President Trump’s ecumenical diplomacy

Op-Ed: 6 ways interfaith relations can help end the spilling of blood in God’s name

US President Donald Trump attends the US Coast Guard Academy commencement ceremony in New London, Connecticut, on May 17, 2017. (AFP Photo/Saul Loeb)
US President Donald Trump attends the US Coast Guard Academy commencement ceremony in New London, Connecticut, on May 17, 2017. (AFP Photo/Saul Loeb)

In view of President Donald Trump’s upcoming first foreign trip to Saudi Arabia, Israel, and the Vatican – hosts to some of the holiest sites in Islam, Judaism, and Christianity – is there a unique opportunity to advance the cause of peace in the Middle East through ecumenical diplomacy?

The short answer is definitely yes. National Security Advisor General H.R. McMaster already confirmed in a press briefing last Friday that one of the core purposes of the trip is “…to broadcast a message of unity to America’s friends and to the faithful of three of the world’s greatest religions.” He further asserted that “…what President Trump is seeking is to unite peoples of all faiths around a common vision of peace, progress, and prosperity. He will bring a message of tolerance and of hope to billions, including to millions of Americans who profess these faiths. The President will focus on what unites us.”

But are the collisions between the antagonists endless and therefore unavoidable to prevent the likelihood of more terrorism and wars? Or can interfaith relations nevertheless provide a practical base from which to dampen the passion of strife and continued bloodshed in the name of “God”?

To be sure, faith in general is deemed as an appropriate source to draw upon in ultimately persuading even adversarial co-religionists to recognize the potential dangers in their unresolved explosive confrontations. For this reason there is an urgent need to support any efforts for this engagement through détente and diplomatic alternatives. Judaism, Islam, and Christianity can indeed accomplish this goal by lowering theological incitements and tensions. Additionally, partisans abroad should be mobilized to promote tolerance and create conciliatory circumstances in which the parties can continue with constructive negotiations towards peace.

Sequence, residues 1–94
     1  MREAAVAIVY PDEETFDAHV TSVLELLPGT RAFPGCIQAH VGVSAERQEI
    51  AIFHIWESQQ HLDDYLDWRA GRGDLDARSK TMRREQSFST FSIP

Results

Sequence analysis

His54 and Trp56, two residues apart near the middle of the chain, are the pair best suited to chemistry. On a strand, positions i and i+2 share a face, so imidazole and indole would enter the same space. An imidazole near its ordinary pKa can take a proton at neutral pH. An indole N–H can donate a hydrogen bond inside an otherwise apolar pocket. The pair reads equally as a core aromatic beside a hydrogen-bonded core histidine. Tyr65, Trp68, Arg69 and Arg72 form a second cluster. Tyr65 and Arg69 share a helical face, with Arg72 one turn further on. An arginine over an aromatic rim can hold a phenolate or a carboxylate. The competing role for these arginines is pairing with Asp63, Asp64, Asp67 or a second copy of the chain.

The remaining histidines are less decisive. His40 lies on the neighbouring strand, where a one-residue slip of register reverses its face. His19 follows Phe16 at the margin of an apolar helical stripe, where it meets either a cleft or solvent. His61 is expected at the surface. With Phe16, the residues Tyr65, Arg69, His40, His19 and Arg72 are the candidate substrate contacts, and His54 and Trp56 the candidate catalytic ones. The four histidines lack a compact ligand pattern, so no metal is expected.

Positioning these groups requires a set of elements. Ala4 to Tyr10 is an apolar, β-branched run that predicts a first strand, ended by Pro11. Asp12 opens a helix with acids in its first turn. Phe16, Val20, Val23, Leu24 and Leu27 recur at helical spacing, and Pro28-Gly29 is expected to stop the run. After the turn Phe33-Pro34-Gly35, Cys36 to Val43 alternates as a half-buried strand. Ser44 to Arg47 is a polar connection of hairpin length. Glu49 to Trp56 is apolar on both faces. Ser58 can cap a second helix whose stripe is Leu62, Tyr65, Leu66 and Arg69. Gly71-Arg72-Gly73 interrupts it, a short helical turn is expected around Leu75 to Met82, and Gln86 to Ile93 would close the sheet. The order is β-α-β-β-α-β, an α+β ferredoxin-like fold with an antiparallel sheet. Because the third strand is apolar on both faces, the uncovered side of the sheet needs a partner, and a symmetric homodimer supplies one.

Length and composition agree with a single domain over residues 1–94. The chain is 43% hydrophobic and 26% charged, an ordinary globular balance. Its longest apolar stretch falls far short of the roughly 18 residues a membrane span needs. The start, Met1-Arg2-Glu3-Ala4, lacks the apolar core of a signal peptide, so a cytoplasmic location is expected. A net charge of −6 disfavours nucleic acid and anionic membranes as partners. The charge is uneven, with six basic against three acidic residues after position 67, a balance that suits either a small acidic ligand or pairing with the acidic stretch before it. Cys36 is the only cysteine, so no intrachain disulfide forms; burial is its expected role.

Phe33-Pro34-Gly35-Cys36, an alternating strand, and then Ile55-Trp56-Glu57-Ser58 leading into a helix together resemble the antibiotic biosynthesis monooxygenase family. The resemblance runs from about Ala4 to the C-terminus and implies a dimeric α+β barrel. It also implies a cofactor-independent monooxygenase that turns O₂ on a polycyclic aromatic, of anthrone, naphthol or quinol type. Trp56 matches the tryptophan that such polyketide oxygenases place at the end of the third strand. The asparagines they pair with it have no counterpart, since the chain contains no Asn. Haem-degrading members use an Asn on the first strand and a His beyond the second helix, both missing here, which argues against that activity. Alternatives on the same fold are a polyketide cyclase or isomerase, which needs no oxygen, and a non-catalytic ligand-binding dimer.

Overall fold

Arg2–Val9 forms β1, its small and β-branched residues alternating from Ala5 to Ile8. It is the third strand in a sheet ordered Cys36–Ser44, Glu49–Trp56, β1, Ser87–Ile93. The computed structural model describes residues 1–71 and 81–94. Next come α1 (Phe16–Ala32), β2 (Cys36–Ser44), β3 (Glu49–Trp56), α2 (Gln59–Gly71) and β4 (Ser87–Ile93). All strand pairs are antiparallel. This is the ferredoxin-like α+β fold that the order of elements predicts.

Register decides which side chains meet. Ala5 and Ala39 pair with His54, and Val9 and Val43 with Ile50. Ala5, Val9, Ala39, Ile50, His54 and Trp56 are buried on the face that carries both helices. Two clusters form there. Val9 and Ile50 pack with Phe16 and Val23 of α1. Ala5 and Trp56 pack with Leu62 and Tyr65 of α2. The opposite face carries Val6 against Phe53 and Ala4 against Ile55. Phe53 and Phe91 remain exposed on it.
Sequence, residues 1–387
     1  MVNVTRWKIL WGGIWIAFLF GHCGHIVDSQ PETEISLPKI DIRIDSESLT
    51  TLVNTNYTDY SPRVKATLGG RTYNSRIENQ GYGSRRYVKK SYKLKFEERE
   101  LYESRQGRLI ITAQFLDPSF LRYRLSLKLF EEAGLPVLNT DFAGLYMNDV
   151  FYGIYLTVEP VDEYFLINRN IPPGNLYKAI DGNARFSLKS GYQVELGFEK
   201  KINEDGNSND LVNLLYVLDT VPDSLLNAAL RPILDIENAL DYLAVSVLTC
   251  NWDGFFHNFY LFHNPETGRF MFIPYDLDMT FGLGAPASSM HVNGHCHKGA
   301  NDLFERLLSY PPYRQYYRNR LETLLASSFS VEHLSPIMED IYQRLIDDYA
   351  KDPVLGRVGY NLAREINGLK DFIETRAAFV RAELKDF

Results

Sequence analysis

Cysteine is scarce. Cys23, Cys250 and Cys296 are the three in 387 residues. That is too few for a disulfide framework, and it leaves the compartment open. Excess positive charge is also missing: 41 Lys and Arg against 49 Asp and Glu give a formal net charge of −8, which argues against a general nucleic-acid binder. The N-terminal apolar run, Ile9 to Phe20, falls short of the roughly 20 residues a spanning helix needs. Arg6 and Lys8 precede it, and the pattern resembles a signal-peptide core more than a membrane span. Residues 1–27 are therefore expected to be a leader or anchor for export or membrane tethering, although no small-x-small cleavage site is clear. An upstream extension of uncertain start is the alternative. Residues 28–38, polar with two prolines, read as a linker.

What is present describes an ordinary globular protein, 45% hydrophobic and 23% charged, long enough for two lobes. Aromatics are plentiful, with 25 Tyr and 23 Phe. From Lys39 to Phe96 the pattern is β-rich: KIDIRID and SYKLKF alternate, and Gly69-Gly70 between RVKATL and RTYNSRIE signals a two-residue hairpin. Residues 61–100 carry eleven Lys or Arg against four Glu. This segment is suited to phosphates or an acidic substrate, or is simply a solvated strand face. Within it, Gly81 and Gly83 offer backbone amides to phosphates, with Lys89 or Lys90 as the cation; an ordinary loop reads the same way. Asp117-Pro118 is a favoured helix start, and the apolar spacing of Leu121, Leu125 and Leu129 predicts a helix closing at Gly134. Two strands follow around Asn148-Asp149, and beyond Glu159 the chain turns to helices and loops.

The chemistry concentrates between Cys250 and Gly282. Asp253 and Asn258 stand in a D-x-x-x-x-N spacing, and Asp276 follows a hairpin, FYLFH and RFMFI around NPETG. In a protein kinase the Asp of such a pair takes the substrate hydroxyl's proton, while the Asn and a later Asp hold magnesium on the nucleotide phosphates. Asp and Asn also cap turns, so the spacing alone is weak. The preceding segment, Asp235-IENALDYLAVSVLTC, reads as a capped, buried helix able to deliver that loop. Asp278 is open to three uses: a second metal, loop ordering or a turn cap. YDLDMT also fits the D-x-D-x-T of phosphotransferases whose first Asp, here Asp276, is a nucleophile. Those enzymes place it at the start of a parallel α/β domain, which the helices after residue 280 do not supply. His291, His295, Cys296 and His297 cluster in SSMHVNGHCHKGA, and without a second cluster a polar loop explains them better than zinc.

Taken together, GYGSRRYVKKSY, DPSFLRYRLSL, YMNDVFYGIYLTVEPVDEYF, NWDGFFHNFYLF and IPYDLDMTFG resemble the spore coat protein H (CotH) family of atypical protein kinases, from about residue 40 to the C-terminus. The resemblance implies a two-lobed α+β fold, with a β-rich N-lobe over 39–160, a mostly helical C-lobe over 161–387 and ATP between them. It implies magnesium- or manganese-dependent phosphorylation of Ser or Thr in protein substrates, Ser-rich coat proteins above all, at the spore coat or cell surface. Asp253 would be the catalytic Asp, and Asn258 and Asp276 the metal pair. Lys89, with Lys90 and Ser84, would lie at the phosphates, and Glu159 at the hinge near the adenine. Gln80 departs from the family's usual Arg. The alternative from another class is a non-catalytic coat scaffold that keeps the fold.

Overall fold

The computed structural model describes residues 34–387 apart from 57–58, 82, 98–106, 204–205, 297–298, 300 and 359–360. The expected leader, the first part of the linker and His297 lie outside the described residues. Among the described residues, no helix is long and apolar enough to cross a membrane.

Consider, for example, if President Trump during his discussions with the leaders in the home of these three faiths will offer the following selected recommendations:

First, declare a “truce of God” in the Holy sites, such as in Jerusalem, Bethlehem, Hebron, and Nazareth, sparing them from any future violence by extremists;

Second, encourage leaders to issue a condemnation of all forms of theological incitements to violence;

Third, establish an Israeli-Palestinian security hotline between the leaders to prevent any potential acts of religious-motivated terrorism;

Fourth, designate a monthly “Day of Peace” for the Middle East jointly sponsored by the denominations;

Fifth, encourage faithful members around the world to develop programs to improve interfaith relations with views of bringing peace to the Middle East;

And sixth, set-up a special supplementary “Nobel Peace Prize” for a person or organization that contributed to promotion of peace in all regions in the name of all religions.

In sum, it would be presumptuous to believe that some of the foregoing decades-old recommendations would suffice to inspire the parties to solve the myriad of schisms in the Middle East. Nevertheless, religion can be a useful instrument of peace. It would behoove world leaders to follow one of Pope Francis’s observation:

“…any violence which seeks religious justification warrants the strongest condemnation because the Omnipotent is the God of life and peace. The world expects those who claim to adore God to be men and women of peace who are capable of living as brothers and sisters, regardless of ethnic, religious, cultural or ideological differences.”

Yonah Alexander, former research professor at the George Washington University and currently director of the Inter-University Center for Terrorism Studies at the Potomac Institute for Policy Studies. Sharon Layani is a research associate at the IUCTS.

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